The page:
Check out all the other fragrant cinnamon cookies we have for you today!

The Creative Cookie Exchange gets together once a month to bake cookies with a chosen theme or ingredient. We post on the first Tuesday after the 15th of each month.

You can also use us as a great resource for cookie recipes. Be sure to check out our Pinterest Board as well as our monthly posts, collected for you on The Spiced Life.


Saturday, November 14, 2015

Traditional Tartiflette

Pure comfort food, tartiflette is made with potatoes, bacon and lots and lots of melty cheese. Make it and serve it to someone who could use some love today.
Food Lust People Love: Pure comfort food, tartiflette is made with potatoes, bacon and lots and lots of melty cheese. Make it and serve it to someone who could use some love today.

Ah, Paris. The City of Light, the City of Love. Every city we move to is unexpected and an adventure. Fast into the fray I plunge, learning new words, new places, getting lost with regularity and discovering the hidden corners by chance. Paris was no different. My high school French opened the doors just a crack. I could read signs and ask simple questions. Conversations about anything less than the mundane were impossible. Ou est le toilette, s’il vous plaît? Est-ce que il-y-a des oignons? 

I negotiated markets and buses and the Metro, all pushing a bundled-up toddler in an umbrella stroller, upstairs and down, trying hard to move at the same breakneck speed as the rest and not hold up the busy, busy people all dressed in grey and black.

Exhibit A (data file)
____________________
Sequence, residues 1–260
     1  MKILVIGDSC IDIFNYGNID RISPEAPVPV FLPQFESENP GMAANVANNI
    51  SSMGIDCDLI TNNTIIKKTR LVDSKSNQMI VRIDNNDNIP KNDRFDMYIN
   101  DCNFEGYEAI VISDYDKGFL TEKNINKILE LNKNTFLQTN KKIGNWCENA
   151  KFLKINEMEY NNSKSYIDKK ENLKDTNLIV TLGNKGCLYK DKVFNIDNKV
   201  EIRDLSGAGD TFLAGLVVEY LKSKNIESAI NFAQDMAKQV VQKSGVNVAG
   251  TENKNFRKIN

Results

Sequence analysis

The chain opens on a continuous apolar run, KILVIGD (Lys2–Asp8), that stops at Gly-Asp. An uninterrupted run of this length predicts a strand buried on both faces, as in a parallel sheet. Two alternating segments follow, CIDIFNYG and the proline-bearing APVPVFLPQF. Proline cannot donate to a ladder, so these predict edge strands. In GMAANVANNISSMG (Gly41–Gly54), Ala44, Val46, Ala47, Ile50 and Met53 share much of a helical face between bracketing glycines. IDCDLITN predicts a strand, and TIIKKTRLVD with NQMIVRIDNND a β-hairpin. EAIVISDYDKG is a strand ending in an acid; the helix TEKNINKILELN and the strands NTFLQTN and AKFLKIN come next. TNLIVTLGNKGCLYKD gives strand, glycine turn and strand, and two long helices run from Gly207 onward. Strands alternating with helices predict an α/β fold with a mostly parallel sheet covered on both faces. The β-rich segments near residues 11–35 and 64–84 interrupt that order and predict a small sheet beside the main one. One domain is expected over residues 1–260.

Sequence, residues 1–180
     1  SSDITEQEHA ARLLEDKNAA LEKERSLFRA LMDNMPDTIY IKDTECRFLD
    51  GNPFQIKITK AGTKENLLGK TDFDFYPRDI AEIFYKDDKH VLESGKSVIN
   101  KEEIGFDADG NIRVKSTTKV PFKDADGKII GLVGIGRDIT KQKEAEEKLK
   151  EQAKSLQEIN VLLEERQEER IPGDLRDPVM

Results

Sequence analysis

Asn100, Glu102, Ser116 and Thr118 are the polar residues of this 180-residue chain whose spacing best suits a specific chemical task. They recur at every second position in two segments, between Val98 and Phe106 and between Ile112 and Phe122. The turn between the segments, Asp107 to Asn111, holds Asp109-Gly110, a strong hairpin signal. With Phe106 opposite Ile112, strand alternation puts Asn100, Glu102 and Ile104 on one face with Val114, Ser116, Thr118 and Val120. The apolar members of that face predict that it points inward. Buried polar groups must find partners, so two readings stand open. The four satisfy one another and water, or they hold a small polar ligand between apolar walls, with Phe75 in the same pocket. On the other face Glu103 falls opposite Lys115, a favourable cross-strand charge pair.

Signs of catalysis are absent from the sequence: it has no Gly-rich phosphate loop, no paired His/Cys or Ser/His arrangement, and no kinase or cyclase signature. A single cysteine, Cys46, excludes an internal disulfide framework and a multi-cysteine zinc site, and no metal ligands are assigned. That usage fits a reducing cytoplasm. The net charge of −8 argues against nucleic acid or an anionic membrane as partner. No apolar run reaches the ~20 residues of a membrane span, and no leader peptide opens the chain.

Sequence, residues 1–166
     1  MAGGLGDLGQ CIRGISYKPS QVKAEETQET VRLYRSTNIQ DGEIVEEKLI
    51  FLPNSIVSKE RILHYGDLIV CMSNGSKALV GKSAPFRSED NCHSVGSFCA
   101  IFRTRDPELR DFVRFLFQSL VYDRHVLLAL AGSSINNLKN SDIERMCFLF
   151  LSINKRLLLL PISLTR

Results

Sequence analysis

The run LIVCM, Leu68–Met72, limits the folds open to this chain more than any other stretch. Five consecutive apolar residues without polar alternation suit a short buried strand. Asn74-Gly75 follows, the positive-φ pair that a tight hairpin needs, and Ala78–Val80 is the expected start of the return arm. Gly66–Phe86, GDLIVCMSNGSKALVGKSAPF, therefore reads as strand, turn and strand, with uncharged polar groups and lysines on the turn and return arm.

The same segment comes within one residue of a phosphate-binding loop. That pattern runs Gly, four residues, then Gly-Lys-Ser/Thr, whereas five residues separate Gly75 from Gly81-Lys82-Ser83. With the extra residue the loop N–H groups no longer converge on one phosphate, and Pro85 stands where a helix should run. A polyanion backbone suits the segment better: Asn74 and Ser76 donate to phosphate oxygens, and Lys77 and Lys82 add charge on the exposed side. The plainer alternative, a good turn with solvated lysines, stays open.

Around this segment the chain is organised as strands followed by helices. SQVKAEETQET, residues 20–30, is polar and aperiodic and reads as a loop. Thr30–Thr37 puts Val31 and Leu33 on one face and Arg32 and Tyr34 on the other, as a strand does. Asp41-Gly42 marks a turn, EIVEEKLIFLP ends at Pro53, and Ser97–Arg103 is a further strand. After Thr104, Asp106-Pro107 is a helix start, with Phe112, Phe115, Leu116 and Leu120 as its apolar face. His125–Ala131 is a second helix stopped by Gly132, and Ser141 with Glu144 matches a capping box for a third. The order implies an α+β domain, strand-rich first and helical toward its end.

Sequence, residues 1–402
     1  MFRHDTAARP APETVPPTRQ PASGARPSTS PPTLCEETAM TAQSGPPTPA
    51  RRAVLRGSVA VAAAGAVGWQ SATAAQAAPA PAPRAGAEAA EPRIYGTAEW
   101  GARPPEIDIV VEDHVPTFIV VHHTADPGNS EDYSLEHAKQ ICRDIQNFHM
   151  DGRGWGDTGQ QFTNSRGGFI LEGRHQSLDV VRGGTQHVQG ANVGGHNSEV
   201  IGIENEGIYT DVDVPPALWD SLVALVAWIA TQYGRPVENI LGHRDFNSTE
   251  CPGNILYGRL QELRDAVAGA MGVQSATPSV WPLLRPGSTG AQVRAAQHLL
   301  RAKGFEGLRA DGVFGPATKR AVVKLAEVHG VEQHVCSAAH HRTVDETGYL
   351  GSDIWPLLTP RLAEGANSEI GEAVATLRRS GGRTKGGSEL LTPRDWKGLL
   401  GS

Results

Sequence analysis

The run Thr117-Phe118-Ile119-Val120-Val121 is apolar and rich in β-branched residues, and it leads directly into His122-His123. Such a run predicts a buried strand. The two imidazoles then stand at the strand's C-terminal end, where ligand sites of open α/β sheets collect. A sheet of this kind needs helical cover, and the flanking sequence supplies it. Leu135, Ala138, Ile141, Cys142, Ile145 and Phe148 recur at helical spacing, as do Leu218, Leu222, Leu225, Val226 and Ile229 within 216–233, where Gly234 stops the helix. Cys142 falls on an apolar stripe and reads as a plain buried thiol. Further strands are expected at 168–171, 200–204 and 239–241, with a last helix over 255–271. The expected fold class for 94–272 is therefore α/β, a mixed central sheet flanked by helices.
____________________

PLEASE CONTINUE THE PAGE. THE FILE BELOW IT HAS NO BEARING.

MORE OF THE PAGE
In time my French became more fluent, as I practiced daily with neighbors, shopkeepers, the pediatrician, the pharmacist. Our second baby was born there in a local maternity hospital, chosen for its proximity to home and baby-centric focus, rather than the big, swanky American Hospital of Paris where the nurses might speak English. 

However decent my French, they still called me la américaine but it was a title I was pleased to wear because it was always accompanied by an approving nod of the head. I wasn’t their typical patient and they seemed to appreciate that I wanted to do everything for my baby, including keeping her with me all night.

I made friends with long time expat residents as well as a few local ladies who had lived abroad. We met for tea, for lunch, to watch our children on swings and slides in a nearby park. We compared notes on child rearing, schools and swapped recipes. 

As a family, we traveled around France, ogling the stained glass in churches and and the masterpieces in museums, often sitting with a picnic lunch of cheese and baguettes in the beautifully maintained grounds, feeling quite at one with the families playing and eating around us, just enjoying the view and the sunshine. And, of course, the wine. 

We planted tomatoes in early summer, feasted on the cherries from our large backyard tree when the weather turned warm and pruned the climbing roses when the bright yellow Forsythia bloomed in the front yard. My neighbor would call out to me in greeting, “Coo, coo!” then we chatted companionably across our party wall and the baker around the corner knew just what I would order, smiling in welcome as I pushed into her warm shop, my two small blondies in tow.

In short, Paris, like many other places we have lived, became home.